There are no Federal statutes or regulations in effect that define a “reasonable period of time” in connection with the resolution of a no-match notice. As a practical matter, a “reasonable period of time” depends on the totality of the circumstances. Of note, in the E-Verify context SSA has the ability to put a tentative non-confirmation into continuance for up to 120 days. This recognizes that it can sometimes take that long to resolve a discrepancy in SSA’s database.

The SSA also has guidance for employers regarding No-Match Letters on its website.

Greenberg Traurig’s experienced immigration attorneys guide employers with respect to all aspects of immigration compliance, including responding to No-Match Letters.

For more on immigration and employers, click here.

Form I-94 is Getting a Makeover

Posted in Form I-94

Beginning in May 2019, Form I-94 will have a new look. The current 11-digit numerical format will be replaced by alphanumeric characters. The new format will include 11 characters, starting with nine digits, a letter in the tenth position, and a digit in the eleventh position. Customs and Border Protection (CBP) indicated that unexpired I-94 Records issued in the current numeric-only format will continue to be valid until the “Admit Until Date” printed on the paper or digital I-94 Record expires. You can continue to retrieve your electronic Form I-94 here.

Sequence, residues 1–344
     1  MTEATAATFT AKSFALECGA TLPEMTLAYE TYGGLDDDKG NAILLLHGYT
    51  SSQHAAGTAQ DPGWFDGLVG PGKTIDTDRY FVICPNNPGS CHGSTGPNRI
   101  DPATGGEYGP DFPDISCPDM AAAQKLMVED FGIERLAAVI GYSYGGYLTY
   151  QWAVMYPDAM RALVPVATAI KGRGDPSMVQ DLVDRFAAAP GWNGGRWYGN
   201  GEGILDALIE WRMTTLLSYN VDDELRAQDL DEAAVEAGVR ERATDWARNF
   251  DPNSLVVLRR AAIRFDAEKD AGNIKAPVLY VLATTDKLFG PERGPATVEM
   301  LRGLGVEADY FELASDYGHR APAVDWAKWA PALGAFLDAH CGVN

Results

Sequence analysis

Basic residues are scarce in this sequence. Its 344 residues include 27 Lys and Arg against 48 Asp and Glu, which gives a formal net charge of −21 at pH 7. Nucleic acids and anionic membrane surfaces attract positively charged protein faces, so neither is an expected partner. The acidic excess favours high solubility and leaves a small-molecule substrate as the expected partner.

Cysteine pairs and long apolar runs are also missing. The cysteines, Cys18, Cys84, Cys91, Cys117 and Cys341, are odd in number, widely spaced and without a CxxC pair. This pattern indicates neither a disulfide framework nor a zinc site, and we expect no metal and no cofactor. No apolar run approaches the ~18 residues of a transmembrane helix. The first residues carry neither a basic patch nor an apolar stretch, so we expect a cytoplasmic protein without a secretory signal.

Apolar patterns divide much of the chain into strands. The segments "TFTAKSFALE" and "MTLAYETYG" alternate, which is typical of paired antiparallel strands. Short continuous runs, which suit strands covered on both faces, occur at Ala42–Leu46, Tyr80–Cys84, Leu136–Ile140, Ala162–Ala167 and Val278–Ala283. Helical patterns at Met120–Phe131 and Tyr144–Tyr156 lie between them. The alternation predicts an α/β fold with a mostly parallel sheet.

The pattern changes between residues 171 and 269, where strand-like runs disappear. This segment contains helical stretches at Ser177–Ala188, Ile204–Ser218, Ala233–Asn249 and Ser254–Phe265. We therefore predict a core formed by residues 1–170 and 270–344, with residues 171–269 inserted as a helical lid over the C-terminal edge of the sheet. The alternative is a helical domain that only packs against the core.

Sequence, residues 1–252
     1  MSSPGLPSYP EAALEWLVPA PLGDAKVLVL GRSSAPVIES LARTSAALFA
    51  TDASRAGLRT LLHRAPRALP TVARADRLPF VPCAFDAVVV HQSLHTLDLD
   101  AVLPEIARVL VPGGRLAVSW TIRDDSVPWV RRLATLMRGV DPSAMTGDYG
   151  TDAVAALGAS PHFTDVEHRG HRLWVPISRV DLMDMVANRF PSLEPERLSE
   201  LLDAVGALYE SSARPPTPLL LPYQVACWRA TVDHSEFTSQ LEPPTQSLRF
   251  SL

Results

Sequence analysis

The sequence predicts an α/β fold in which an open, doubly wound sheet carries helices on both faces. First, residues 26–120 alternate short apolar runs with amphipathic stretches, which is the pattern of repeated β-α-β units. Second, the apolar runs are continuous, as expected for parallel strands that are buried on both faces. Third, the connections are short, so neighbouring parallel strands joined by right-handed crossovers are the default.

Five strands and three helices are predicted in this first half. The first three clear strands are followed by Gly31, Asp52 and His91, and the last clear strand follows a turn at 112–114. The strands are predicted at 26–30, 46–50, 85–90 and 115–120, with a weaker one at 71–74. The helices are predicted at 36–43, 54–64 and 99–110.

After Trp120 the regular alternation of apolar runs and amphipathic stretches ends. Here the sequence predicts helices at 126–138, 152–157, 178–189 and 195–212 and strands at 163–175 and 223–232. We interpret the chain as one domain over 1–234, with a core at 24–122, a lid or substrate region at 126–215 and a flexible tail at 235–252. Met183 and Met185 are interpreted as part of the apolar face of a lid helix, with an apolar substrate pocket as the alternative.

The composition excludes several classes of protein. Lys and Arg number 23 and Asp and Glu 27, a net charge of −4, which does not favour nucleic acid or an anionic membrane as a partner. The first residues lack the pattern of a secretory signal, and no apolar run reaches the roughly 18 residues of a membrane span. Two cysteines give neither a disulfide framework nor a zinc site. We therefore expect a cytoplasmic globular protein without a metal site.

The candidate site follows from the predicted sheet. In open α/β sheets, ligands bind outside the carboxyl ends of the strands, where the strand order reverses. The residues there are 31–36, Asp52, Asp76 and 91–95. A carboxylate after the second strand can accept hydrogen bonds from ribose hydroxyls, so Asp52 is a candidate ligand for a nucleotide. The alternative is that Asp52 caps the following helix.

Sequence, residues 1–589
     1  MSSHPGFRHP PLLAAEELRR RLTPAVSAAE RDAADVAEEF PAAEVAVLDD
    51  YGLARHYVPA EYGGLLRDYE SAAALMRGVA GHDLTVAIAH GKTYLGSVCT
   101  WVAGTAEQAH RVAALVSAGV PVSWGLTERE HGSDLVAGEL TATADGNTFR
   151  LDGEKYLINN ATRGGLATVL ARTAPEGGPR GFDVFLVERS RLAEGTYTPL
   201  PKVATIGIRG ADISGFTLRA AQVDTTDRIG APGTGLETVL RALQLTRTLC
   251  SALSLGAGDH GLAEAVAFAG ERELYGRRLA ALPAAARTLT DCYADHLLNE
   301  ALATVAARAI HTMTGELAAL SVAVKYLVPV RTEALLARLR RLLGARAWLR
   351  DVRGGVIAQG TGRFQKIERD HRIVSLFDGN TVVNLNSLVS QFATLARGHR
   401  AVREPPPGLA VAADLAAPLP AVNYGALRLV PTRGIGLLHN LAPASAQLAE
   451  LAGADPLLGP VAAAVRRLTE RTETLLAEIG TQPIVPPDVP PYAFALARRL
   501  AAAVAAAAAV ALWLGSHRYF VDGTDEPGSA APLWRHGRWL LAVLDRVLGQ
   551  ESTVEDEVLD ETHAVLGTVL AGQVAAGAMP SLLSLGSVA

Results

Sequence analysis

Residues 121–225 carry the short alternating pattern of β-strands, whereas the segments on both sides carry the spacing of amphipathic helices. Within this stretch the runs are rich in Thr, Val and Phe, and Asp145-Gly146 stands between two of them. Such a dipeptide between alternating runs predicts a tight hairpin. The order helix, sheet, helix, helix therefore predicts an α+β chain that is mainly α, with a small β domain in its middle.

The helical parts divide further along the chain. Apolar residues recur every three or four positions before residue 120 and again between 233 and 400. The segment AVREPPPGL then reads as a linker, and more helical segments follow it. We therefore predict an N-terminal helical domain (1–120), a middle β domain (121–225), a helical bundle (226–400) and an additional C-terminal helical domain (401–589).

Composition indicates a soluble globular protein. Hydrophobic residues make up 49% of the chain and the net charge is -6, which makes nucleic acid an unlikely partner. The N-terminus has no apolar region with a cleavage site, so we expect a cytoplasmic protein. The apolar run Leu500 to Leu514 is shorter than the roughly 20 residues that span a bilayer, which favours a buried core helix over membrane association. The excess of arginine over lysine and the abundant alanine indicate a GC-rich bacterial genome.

For more on I-94, click here.

 

May 2019 Visa Bulletin Updates

Posted in EB-1, EB-2, EB-3, EB-4, EB-5 Program, Visa Bulletin

The Department of State May 2019 Visa Bulletin shows movement in employment-based categories. The EB-1 category will advance one month in all countries, moving up the cutoff date to March 1, 2018, except China and India, whose dates remain the same at Feb. 22, 2017. The EB-2 category will remain current for all countries except China, advancing to May 15, 2016, and India, advancing to April 16, 2009. Although most countries will remain current on the EB-3 category, China will advance to August 22, 2015; India will advance to July 1, 2009; and the Philippines will advance to June 1, 2018. Notably, India’s final action date in the EB-3 category continues to surpass the EB-2 category, leaving EB-3 India with a more favorable final action date than that of EB-2 India.